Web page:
The found-footage sub-genre of horror has been done to the point that it has little of the effect which once propelled these films. We no longer look at these movies the way we did The Blair Witch Project, but the medium proves to have a few tricks remaining with this anthology horror film from some newcomer horror directors. Although I have never been much of a fan of anthology horror films, V/H/S has a few moments which shouldn’t be missed by any horror aficionados. Unfortunately, there are also a lot of moments in-between which are easily missed and even more easy to forget.
A great deal of the film seems to be footage taken from the camera of men who use it in the most disgusting ways imaginable. Our wraparound storyline involves a group of pigs who videotape assaults on women in public, forcing them to flash the camera unwillingly. When they are offered a large sum of money to rob a house and find a videotape, they tape this hunt. They are slowly picked off, and in the meantime we are given the opportunity to watch several found footage tapes while they search for the one they were sent in to get. The storyline of the one VHS tape they are meant to retrieve is never really developed entirely, but it provides the necessary frame for all of the other short horror stories.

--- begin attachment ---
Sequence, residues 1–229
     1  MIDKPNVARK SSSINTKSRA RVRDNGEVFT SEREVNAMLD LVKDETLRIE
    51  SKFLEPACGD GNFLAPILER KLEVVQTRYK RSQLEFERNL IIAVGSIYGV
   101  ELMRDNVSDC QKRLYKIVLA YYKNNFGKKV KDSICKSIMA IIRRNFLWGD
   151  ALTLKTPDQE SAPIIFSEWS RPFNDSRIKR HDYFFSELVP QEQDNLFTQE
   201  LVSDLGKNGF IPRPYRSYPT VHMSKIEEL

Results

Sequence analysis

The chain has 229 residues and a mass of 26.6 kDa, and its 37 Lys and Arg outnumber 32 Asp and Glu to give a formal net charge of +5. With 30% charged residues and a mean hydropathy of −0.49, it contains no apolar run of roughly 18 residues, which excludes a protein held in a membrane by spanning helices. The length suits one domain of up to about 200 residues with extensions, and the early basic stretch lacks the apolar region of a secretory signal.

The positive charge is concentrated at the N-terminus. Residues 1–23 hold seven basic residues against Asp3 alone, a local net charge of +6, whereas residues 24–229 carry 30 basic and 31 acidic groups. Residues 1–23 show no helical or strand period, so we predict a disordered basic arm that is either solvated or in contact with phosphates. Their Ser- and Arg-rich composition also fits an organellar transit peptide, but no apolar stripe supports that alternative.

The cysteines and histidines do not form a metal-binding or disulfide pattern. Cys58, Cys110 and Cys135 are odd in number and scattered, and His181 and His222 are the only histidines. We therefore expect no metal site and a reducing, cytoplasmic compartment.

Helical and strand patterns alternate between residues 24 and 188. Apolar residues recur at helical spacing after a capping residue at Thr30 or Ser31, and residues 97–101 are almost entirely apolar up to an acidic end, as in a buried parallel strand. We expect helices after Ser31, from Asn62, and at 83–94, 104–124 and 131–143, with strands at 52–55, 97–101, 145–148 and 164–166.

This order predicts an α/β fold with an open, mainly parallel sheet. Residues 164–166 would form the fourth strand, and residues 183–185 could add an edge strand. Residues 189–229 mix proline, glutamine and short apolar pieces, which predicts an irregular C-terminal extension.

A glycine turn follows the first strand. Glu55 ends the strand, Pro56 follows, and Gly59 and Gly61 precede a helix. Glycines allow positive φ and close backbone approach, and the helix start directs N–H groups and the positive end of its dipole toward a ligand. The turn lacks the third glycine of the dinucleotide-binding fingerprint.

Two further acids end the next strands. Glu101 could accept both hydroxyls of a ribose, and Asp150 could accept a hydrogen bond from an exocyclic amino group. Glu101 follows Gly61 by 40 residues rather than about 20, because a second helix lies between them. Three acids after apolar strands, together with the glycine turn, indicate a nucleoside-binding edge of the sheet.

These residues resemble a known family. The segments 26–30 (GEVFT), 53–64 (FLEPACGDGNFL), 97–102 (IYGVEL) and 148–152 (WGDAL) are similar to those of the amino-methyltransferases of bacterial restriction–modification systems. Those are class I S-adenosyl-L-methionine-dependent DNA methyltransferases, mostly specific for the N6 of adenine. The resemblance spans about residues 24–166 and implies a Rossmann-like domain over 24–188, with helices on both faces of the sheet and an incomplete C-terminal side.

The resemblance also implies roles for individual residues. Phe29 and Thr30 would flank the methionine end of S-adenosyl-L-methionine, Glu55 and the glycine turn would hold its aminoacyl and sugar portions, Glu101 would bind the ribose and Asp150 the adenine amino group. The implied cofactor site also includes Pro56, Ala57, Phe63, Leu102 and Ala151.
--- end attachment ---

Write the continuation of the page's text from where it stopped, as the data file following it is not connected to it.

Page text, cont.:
Right away we jump into more vulgar men behaving badly on camera, this time determined to film a sexual act with an unwitting female brought home from the bar. When a strange and creepy woman comes back to their room with them, they end up with more than they bargained for. Another hotel room story involves a slow burning suspense story about a couple on a vacation when a nightly visitor starts intruding on their privacy. There are stories which range from serial killer horror all the way up into the most extreme paranormal horror tales. The most frightening sequence of the film is an escape from a haunted house, also the one film to show men on a more admirable note. The effects in the sequence are over-the-top, albeit fantastically achieved.
At nearly two hours, this is a bit long for a horror film, and there are certainly sequences which seem to drag the film down. At the same time, I can’t help but recommend it for the moments that work really well. The Blu-ray only further enhances the stronger special effects in the film, with a ton of additional features to add to the experience. There is an alternate ending for one of the sequences, as well as additional footage for another. The film comes with an optional audio commentary with cast and crew members, as well as a number of making-of features and webcam interviews.